Series on Assertive Behaviour: The Three Guard Dogs

The story below demonstrates how the correct balance of being alert, proactive, friendly and calm can make anyone the most valued resource for an organization.


A Morris the dog was walking past a property one day and he was suddenly confronted by a large black dog who barked ferociously through the fence at him. “What are you doing?’ asked Morris. “I’m guarding this property.” responded the black dog. “What are you barking at me for? asked Morris.

“Because you’re a threat. Everyone has the potential to break in and steal from me, so I’m not taking any risks and am barking at everyone.” Morris shrugged his shoulders and walked away, thinking about how much energy the black dog was unnecessarily wasting.

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The next day, he walked past the same property, but instead of being confronted by the vicious guard dog, he was met by a furry ball of fluff. “What happened to the large black dog?” he asked. “He annoyed his owners by barking all of the time, so they gave him away and replaced him with me.” replied the ball of fluff.

“You don’t look very scary.” observed Morris. “I’m not. You never have to worry about me being too angry.”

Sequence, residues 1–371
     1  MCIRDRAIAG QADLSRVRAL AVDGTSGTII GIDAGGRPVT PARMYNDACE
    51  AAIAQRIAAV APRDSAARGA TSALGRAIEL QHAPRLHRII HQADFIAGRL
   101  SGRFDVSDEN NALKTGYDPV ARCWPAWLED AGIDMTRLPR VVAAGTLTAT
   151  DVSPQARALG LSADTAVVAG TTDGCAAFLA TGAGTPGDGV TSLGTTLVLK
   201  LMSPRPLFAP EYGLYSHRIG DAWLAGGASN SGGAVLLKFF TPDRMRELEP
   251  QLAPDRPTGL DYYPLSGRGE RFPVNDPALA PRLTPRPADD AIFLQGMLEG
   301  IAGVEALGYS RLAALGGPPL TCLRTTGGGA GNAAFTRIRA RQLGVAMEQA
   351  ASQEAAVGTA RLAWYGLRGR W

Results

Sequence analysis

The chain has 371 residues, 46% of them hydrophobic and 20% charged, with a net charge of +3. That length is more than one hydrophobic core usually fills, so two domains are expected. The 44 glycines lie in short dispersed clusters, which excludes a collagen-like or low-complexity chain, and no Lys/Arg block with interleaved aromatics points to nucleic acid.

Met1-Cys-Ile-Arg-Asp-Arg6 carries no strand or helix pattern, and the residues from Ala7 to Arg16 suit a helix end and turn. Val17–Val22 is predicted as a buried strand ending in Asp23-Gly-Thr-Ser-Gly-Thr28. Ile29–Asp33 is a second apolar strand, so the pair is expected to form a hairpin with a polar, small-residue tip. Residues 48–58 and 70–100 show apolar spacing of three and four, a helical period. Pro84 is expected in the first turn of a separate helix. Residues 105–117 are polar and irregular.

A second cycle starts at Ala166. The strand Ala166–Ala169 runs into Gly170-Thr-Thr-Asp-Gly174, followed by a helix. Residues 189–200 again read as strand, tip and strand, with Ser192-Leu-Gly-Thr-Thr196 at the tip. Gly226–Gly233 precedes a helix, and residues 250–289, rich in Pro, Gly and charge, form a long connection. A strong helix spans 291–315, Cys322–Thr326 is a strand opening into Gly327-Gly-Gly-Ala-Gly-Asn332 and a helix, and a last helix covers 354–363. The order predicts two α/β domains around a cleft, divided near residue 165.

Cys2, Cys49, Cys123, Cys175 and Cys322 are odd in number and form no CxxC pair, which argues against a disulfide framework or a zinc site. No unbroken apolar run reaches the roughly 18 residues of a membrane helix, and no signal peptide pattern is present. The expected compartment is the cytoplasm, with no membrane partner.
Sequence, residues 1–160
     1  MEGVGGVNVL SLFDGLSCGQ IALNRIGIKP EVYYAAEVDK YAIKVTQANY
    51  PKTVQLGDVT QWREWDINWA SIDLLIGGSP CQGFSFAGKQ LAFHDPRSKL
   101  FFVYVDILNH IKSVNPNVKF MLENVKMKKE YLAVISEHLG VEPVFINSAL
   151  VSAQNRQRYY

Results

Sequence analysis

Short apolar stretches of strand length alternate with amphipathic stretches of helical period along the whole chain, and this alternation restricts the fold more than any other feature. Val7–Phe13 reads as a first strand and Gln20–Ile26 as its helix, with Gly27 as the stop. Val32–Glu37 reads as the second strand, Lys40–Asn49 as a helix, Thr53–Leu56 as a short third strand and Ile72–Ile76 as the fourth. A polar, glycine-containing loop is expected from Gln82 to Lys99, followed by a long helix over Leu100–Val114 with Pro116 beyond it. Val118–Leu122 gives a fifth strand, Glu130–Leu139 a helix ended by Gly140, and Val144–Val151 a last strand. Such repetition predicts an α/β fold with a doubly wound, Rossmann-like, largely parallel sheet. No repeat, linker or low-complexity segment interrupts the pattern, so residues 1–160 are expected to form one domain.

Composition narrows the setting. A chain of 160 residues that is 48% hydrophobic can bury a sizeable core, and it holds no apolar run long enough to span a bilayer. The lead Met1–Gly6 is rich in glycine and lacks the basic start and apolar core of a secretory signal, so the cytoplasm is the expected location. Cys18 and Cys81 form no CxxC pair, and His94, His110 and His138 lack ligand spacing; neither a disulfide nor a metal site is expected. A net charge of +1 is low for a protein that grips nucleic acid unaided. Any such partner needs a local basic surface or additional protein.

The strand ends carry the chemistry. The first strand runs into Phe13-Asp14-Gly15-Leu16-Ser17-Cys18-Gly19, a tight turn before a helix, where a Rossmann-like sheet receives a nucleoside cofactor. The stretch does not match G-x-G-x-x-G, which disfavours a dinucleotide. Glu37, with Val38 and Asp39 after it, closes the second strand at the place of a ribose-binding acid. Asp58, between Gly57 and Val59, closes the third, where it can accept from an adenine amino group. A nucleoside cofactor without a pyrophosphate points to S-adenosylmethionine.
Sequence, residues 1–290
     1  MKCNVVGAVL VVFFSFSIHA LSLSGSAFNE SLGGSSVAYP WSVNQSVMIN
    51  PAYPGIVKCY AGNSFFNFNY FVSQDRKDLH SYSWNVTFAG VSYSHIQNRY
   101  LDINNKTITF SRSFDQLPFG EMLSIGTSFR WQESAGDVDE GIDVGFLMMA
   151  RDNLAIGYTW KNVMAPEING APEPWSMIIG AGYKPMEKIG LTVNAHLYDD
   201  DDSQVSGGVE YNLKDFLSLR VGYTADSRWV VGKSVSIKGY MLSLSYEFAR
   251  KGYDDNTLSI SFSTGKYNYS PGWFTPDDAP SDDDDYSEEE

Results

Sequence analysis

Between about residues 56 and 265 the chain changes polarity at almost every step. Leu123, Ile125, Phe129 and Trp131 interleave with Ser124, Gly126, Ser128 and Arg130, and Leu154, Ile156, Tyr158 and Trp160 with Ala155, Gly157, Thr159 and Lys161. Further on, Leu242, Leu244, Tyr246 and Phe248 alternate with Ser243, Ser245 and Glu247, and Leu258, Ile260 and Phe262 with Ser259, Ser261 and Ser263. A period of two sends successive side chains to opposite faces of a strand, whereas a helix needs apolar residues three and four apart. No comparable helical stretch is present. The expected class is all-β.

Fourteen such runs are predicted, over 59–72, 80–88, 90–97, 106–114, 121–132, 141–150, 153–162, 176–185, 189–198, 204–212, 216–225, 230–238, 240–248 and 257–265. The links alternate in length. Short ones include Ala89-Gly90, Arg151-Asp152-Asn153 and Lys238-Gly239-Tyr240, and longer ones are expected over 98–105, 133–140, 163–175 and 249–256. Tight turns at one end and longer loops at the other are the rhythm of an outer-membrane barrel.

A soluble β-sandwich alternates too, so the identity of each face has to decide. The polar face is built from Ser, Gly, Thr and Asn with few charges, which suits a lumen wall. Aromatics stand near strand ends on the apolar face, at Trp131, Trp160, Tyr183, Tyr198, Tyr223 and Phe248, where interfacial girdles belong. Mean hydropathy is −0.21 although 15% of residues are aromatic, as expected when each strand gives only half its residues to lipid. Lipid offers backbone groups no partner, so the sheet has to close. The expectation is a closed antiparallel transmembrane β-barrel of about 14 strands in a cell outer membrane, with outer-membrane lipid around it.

“What would you do if someone tried to steal from you?” asked Morris. “Why would anyone try to steal from me? I’m such a nice cute doggy that no-one would ever take advantage of me.” Morris shrugged his shoulders and walked away, hoping that the little ball of fluff would be OK.

The next day he walked past the same property and was met by a large golden retriever. “What happened to the little ball of fluff?” Morris asked. “Some intruders came last night and all he did was roll over to have his belly scratched while the place was ransacked.” replied the retriever.

“So, what’s your strategy for guarding this place?” asked Morris. “I’ve learned that not everyone’s a threat, so there’s no point in barking at everyone and keeping them at a distance, but I’ve also learned that being nice and polite won’t always cut it either as not everyone has my best interest at heart. Others will always know that I’m here, but I feel comfortable enough with myself that I don’t need to rant and rave to be heard or look after everyone else’s needs to be liked. I’ll just be calm and clear when communicating, decreasing the risk of being taken the wrong way.”

“I think I’ll be seeing a lot more of you,” said Morris, suitably impressed as he went on his way.

Let me encourage you to learn from this story that you don’t need to be an angry, rabid dog or a delightful ball of fluff to be successful in what you’re doing. Instead, learn to express yourself with clarity, honesty and calmness.